Myers is assigned to Newmarket, while Kim and Restoule-Mallozzi will work in Sudbury
Attorney General Doug Downey has announced the appointment of three justices to the Ontario Court of Justice, effective Nov. 18. Chief Justice Lise Maisonneuve assigned Jennifer Lynne Myers to Newmarket and Leonard Kim and Jenny Restoule-Mallozzi to Sudbury.
Justice Myers admitted to the Ontario bar in 2002, has worked as an assistant Crown attorney with the Ministry of the Attorney General’s guns and gangs prosecution unit and as a self-employed criminal defence lawyer that handled cases before the Ontario Review Board, the Court of Justice, the Superior Court of Justice and the Court of Appeal, said a bulletin from the Ministry of the Attorney General.
Myers has represented the Criminal Lawyers Association on the Integrated Domestic Violence Court Planning Committee and Working Group and has volunteered with the Southern Ontario Amazing Race, which supports the Children’s Foundation of Guelph and Wellington, and with the Ontario Justice Education Network, where she coached high school students for competitive mock trials.
Justice Kim, called to the bar in 2005, has been regional counsel to the Provincial Drugs and Impaired Driving Team, in which role he advised the director of Crown operations on impaired driving matters of regional and provincial significance, advised Crowns and police on complex impaired driving matters in Ontario’s North Region and litigated constitutional challenges.
Kim has also been the designated hate crime prosecutor for the North, the regional hate propaganda expert for the Ministry of the Attorney General’s hate crimes working group and co-editor of the Hate Crime Newsletter. He has chaired the City of Greater Sudbury’s Diversity Advisory Panel, for which he drafted Sudbury’s first diversity policy statement, which was adopted in 2014.
Kim has also served as a founding board director of the Korean War Veterans of Canada Foundation, as a board director for the Federation of Asian Canadian Lawyers of Ontario and the Law Society’s Equity Advisory Group and as vice president of the Korean Canadian Association of Sudbury, for which he organized celebrations with the community’s Korean war veterans and their widows.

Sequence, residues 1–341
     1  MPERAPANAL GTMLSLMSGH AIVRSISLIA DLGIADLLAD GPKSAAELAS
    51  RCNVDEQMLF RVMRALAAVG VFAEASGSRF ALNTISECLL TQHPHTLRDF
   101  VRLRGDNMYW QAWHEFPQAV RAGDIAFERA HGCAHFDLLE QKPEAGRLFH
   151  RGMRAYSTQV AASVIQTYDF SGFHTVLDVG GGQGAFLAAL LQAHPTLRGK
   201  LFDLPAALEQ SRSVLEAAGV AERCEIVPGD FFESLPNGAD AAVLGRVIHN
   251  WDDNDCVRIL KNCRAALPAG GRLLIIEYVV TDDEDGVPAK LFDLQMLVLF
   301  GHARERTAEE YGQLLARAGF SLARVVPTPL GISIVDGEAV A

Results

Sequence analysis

Justice Restoule-Mallozzi, an Anishinabek citizen of Dokis First Nation, admitted to the bar in 2002, focuses her practice on Indigenous law. For First Nations communities, she has offered legal services and report writing to facilitate land management, law and policy development and dispute resolution; has provided training on Indian Act by-laws; has written a plain language guide on Ontario’s legal system; has developed governance policies; and has advised Indigenous non-profit organizations on legal responsibilities.
Restoule-Mallozzi has also revised national training materials on implementing matrimonial property laws and has facilitated sessions on human trafficking. She was the director of Halton Community Legal Services, where she worked with legal and social justice partners to promote access to justice and reconciliation within the justice sector,
Restoule-Mallozzi was chairperson and trustee of the Okikendawt Hydro and Dokis Community Trust and member of the Dokis First Nation Research Ethics Advisory Group, where she developed a research policy focusing on the local values of knowing and sharing and clarified the roles and responsibilities of researchers and participants.